The terrible, heartbreaking story about Ballou should remind all of us that when there is inadequate oversight of our educational institutions, the losers are our kids, especially those whose educational needs are the greatest and whose families have the least political power.
According to the WAMU report, most of the Ballou students who were awarded diplomas last summer had been absent from classes for over a month. According to those interviewed, many students only passed their courses because of what teachers said was a grading policy that effectively prevents failure and, frankly, because teachers were pressured to give passing grades, raise lower grades, and because students were assigned to less-rigorous “credit recovery” classes. According to the article, teachers who objected to these practices faced retaliation via negative evaluations which can lead to dismissal. The biggest losers were the kids, who didn’t get the education they deserved and will likely struggle as a result and whose school’s reputation has now been tarred.
It’s important to note: all of this happened while city officials congratulated themselves on the city’s ever-rising graduation rates. And, it happened only months after a Washington Post story reported that an unprecedented number of the school’s teachers (roughly a quarter) resigned mid-year.
It’s also important to note: none of these allegations should be new to anyone who pays attention. These complaints have been in the media and have been formally presented to at least the City Council’s Education Committee, the State Board of Education (see public comments) on which I sit, and DCPS. At the July 2017 meeting of the State Board of Education, Scott Goldstein, the leader of EmpowerEd, described the school culture he has experienced as one “where anything, including grade inflation, under-reporting suspensions, and more happens not because of bad people—but pressure to put impressive stats on a shiny brochure for next year or the next campaign.” (For his full testimony, see “public comments”, above.)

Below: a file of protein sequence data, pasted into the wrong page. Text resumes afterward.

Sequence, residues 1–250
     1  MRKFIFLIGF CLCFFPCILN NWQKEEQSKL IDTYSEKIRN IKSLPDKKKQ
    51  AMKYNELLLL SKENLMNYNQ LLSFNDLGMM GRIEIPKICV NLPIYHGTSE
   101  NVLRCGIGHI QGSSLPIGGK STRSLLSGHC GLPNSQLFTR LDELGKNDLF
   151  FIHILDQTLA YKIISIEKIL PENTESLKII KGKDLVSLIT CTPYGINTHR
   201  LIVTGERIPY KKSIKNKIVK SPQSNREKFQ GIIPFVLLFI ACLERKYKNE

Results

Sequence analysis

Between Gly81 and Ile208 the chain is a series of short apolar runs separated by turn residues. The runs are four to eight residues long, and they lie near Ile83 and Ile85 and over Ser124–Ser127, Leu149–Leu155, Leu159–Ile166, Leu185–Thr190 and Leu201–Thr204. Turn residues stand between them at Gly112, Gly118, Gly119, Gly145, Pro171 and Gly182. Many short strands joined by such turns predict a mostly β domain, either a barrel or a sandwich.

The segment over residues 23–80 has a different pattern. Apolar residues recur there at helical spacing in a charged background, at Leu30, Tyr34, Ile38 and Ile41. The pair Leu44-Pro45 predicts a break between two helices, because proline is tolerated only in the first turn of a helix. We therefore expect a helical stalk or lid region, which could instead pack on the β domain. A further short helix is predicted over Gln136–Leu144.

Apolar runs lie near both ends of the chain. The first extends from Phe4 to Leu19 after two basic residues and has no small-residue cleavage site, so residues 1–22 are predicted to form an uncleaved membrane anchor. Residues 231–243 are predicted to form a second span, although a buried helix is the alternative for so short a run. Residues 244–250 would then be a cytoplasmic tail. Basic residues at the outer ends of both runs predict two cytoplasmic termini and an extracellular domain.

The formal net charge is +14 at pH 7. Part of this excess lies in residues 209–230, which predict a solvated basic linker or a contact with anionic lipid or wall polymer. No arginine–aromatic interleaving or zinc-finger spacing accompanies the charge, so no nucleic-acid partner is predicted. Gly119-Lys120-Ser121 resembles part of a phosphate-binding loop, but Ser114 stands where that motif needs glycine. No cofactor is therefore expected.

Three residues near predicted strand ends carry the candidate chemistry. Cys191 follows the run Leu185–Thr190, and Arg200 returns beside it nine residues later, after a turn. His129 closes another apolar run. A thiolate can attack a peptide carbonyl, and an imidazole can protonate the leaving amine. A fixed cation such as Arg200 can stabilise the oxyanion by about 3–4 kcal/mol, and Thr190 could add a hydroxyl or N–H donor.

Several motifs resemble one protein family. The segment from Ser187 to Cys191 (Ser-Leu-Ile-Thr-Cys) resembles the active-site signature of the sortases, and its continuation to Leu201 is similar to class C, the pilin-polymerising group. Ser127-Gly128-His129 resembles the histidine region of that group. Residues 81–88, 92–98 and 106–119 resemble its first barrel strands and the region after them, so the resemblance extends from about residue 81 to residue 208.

It’s also important to note: Comparable concerns have been raised about a much broader range of issues affecting a much broader range of schools–indeed, about our entire system of educational oversight. Last winter, the Washington Post reported that schools had altered their suspension data, at the same time that the school district was touting its lower suspension rates. In June 2015, no less than the National Academy of Sciences (see below) reported to the DC City Council on our weak system of oversight. Concerns about the inadequacy of credit recovery courses and their role in lowering graduation standards have been raised in DC and around the country for some time.
The reality is that when the city switched to mayoral control of its schools a decade ago, it did not establish a viable mechanism for overseeing those schools. Schools and teachers face strict accountability for reaching specific outcome metrics, whether for high school graduation, test score thresholds, attendance, or suspension. But, there is no effective oversight for the institutions that oversee these schools–and no oversight of the processes that lead to the outcome data. Were the high school graduation rates reached legitimately? the suspension data? the test score increases? No independent entity is responsible for even looking. In effect, we’ve outsourced educational accountability to the media. That’s not how it should be.
But the greatest problem isn’t the wrongdoing that is not caught, it’s the unhealthy culture that results and the damaging effect that that culture has on our kids’ education. When we richly reward schools and their system leaders for school outcomes–and the political leaders who take credit for those improvements—-while ignoring the processes that produce the outcomes, it assures that over time, the processes will be corrupted. As important, when we ignore the processes that produce genuine improvement (or for that matter far to produce great improvements), we also make it impossible to learn from what works.